Although the data is limited, myomectomy does have the most data supporting fertility preservation for women that desire future pregnancy. Myomectomy is highly effective at treating symptomatic uterine fibroids with a success rate of over 90%. Unfortunately, when fibroids are numerous or large, myomectomy can be challenging. This is due to an increased risk of blood loss and incomplete treatment. About 50% of the time, an abdominal myomectomy is required, which is also associated with longer hospital recovery times. Still, myomectomy is a highly effective treatment for symptomatic uterine fibroids.
Hysterectomy or complete surgical removal of the uterus is a highly effective method for treating symptomatic uterine fibroids because the entire uterus and all of the fibroids are removed. Having a hysterectomy ensures that no fibroids will grow back due to the uterus being permanently removed. However, a hysterectomy is a major surgery that usually requires 3-5 days in the hospital and 6-8 weeks of recovery. Hysterectomy has also been associated with an increased risk of heart disease and mental health conditions later in life. It is also not an option for women looking to preserve their uterus or for women who want to bear children in the future.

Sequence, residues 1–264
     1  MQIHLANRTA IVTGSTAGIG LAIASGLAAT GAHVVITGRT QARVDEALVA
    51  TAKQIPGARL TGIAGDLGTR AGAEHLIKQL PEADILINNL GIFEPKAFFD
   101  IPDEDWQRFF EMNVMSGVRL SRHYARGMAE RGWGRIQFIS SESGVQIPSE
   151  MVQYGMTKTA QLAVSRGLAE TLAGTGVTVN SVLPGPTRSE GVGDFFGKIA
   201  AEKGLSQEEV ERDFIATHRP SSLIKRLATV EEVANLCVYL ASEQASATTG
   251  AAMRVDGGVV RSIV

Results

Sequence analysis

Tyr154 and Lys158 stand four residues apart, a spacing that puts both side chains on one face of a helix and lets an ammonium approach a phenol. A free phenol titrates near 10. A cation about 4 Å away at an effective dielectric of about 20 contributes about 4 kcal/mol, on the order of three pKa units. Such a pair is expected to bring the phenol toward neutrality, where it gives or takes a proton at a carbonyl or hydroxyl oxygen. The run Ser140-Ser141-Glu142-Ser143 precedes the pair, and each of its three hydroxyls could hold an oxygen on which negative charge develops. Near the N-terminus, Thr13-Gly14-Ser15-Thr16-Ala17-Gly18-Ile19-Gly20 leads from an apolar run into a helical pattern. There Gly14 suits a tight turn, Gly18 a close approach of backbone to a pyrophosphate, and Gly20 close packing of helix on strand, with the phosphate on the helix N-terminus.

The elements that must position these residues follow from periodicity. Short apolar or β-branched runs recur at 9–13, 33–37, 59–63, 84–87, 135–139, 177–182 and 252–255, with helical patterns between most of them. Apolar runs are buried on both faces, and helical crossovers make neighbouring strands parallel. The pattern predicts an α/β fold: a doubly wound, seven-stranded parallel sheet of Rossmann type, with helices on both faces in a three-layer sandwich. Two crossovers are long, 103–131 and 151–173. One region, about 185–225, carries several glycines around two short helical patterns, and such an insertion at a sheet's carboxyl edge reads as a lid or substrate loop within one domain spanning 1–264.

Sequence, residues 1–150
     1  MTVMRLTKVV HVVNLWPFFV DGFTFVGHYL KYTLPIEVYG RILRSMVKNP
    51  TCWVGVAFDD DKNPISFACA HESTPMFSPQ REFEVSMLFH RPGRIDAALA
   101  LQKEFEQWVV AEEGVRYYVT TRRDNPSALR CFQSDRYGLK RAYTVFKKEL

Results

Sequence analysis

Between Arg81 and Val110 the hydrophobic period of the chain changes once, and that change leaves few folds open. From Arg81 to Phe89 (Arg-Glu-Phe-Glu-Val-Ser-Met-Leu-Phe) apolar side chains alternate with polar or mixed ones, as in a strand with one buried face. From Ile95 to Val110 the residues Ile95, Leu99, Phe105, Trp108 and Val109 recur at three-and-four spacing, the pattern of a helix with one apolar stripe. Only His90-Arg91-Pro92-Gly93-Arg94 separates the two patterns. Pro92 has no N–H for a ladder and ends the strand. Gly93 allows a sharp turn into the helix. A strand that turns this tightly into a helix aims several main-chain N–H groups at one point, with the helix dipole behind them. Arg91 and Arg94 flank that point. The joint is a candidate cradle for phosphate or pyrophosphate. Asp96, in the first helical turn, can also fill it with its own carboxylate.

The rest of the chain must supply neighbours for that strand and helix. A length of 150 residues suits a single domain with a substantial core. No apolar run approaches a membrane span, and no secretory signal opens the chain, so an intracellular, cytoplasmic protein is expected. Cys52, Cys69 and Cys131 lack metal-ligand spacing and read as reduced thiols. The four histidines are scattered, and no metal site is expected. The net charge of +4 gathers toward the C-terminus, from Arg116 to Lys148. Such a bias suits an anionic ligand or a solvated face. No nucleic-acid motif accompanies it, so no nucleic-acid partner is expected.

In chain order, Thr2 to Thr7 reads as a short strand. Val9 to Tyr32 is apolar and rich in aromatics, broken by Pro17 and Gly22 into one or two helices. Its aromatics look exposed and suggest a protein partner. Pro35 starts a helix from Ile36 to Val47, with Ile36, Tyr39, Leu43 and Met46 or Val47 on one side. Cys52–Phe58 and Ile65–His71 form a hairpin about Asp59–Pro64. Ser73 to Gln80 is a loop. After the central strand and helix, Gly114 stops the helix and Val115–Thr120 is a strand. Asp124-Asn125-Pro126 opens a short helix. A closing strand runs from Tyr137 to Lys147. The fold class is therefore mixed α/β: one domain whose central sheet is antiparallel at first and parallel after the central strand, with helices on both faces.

Uterine fibroid embolization (UFE) , also referred to as uterine artery embolization (UAE) , is a same-day, minimally-invasive, non-surgical procedure for treating uterine fibroids. During the procedure, doctors inject tiny particles into the uterine arteries that are 'feeding' the fibroids to block their blood supply. Without a blood supply, the fibroid will slowly shrink over a few weeks to months as the body heals naturally. Uterine fibroid embolization is an option for patients who want to avoid surgery and keep their uterus. Additionally, UFE is a good option for women who want the quickest recovery times possible.